Damien Franco: The blog can be totally, can be totally promotional but it doesn’t need to be self-promotional but really it’s more for Twitter and Facebook. And really mostly for Twitter, like you can be a little bit more self-promotional on Facebook and you gotta play with this numbers right. But specifically for Twitter, if you go over 70-20-10 thing, it’s 70% not stuff that you do, and then, 20% can be stuff that’s like really really close to your industry, to your business or maybe it is about you. Maybe you’re just listed in an article. Or maybe you’ve got some pictures from a recent client, that, you can do that in the 20% part, right?
Chamira Young: Okay.
Damien Franco: So, you’ve got a blog post, like maybe your frequency is like what’s week as a photographer you blog about a client and you post some pictures on there. And so, you can pull your 20% like this is my business from that.
Chamira Young: Okay.
Damien Franco: And then, the 10% can be promotional. This can be “Book your session now”. This can be the “Get 10% off the next… Use this coupon to get 10% off for the next time you book your session with us.” You know. And that’s when you can do the advertising part. And now, these numbers is not set as thumb. These are really good numbers to start with.
Chamira Young: Right. These are the guidelines.
Damien Franco: This is a really great place to start. And then, you still tweak it based on what kind of success is using.
Chamira Young: Very good. Yeah, that’s actually, you know, honestly, I have never really thought of it in terms of ratio. But it’s a great starting point, a very good guideline.
Damien Franco: Right.
Chamira Young: But I’ve seen some people go very heavy the promotional.
Damien Franco: How do you feel when you see that?
Chamira Young: You know personally, I’m sure many people feel the same way… I really don’t like to be marketed to 24/7, instantly turned me off.
Damien Franco: Exactly.
Chamira Young: And even if it’s great work or great products someone is offering me. All they’re trying to do is: sell to me, I instinctively back off.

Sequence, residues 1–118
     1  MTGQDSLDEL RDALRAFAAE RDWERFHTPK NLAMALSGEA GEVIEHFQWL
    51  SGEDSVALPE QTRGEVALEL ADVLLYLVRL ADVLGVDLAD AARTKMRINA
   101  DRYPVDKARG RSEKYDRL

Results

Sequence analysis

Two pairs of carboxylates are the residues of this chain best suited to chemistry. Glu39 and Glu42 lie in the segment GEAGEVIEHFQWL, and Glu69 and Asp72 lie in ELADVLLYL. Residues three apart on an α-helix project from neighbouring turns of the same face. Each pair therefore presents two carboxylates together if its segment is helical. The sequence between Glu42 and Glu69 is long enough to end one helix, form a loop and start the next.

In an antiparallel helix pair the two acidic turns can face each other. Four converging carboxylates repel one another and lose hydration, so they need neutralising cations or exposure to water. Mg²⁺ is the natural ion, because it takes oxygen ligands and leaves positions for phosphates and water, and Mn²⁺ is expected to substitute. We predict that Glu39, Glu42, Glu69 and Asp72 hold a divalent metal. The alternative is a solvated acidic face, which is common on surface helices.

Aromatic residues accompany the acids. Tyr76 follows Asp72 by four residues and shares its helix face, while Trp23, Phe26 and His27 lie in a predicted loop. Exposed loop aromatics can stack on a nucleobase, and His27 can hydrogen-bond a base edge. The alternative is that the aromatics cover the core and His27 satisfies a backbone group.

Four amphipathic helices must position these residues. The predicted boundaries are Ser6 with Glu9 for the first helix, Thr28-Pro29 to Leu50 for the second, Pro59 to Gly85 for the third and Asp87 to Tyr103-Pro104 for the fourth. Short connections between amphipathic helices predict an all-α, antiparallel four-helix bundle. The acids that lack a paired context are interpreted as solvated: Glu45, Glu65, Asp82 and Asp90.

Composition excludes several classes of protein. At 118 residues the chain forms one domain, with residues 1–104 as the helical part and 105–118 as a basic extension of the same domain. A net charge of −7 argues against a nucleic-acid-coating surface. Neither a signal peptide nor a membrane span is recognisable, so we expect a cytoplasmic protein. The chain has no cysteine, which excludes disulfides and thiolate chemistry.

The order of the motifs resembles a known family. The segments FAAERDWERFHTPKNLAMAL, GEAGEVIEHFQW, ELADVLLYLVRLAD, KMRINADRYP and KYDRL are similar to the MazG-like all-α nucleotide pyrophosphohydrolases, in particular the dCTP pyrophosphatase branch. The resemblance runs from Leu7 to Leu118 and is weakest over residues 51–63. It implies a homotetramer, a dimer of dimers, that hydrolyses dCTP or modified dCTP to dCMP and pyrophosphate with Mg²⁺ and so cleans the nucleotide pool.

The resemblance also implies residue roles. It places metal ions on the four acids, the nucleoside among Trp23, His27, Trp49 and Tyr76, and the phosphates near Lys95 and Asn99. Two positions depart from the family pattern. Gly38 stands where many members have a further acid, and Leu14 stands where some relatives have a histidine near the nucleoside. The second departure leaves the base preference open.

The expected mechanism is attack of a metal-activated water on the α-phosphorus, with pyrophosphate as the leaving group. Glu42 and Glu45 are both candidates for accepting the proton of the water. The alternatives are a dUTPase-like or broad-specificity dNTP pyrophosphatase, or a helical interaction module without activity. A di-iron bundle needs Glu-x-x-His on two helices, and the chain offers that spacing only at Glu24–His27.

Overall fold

Damien Franco: Right. And that’s pretty much how everybody else feels.
Chamira Young: Yeah.
Damien Franco: And that is the most common thing. And that’s you know, why you have to do so much work that’s not about yourself. Because social media is about engagements, it’s about… When we log in to Twitter, or we log in to Facebook, we’re not logging in to get marketed to. We understand that it’s going to happen and we accept that subconsciously as the prize for free, except, we get it…
Chamira Young: Yeah.
Damien Franco: Google has trained us enough for that. Yeah and so when we think about what kind of things we were gonna post, follow… if you follow, especially in the 70 and 20% part, the 10% can be again pure promotional but the other 90%, if you follow this sort of, it should be one (1) of three (3) things. It should be entertaining, informational, or inspirational.
Chamira Young: Hmmm… Okay.
Damien Franco: And if it’s one of these three (3) things then you helped somebody out. You either helped them get more information, you helped them be entertained. And sometimes that’s why we go for social media is to be entertained, to escape a work for five (5) minutes, to you know, zone out doing TV commercials without doing it all again…
Chamira Young: Haha…
Damien Franco: We wanna be entertained. So if you’ve entertained them, you’ve helped them out. You’ve done, you’ve delivered the service, you’ve given them exactly what they’ve been looking for.
Chamira Young: And you know, I would even say, hearing that 90% should not purely be promotional, that would take, that takes the pressure off of me. Because often, when I’m posting and when I’m trying to figure out what I’m gonna post on my Facebook page or Twitter, I put so much pressure on myself because I feel like I have to be talking about myself and my business but I don’t always want to be talking about the business I’m trying to market to people. So, to find out that we can provide, like you’ve mentioned, articles that are related to what we offer but not necessarily about us but things that are entertaining, inspiring, you know informational that takes a great deal of pressure off myself.
Damien Franco: Yeah, yeah. You know and it’s really easy. It’s like, it can be as simple as studying a couple of hours, looking at a bunch of photography clothes, putting them in a spreadsheet and thinking, everyday I’m just gonna pull two of these clothes from these photography, maybe that photography… And sometimes it does have to be a photography clothes, art clothes, inspirational clothes, mixed them all up… throw them in a spreadsheet and pull two (2) a day to add next things you’ll gonna post. You’ve just added two (2) posts and maybe it’s spread sheet, you could spend like an hour a week adding to that spread sheet, but I mean, that frees up so much time.
Chamira Young: Oh dude, okay. That’s awesome.
Damien Franco: Yeah, yeah. I mean, it’s close to simple. But again, it goes to that most of the time quotes are inspirational, that’s definitely something that helps people out. You’re giving them a little boost and they’ll paying, make them a little warm and fuzzy.
Chamira Young: Yeah.
Damien Franco: It has that positive energies, certain feelings and it has your name and your brand, huge for marketing… huge for marketing.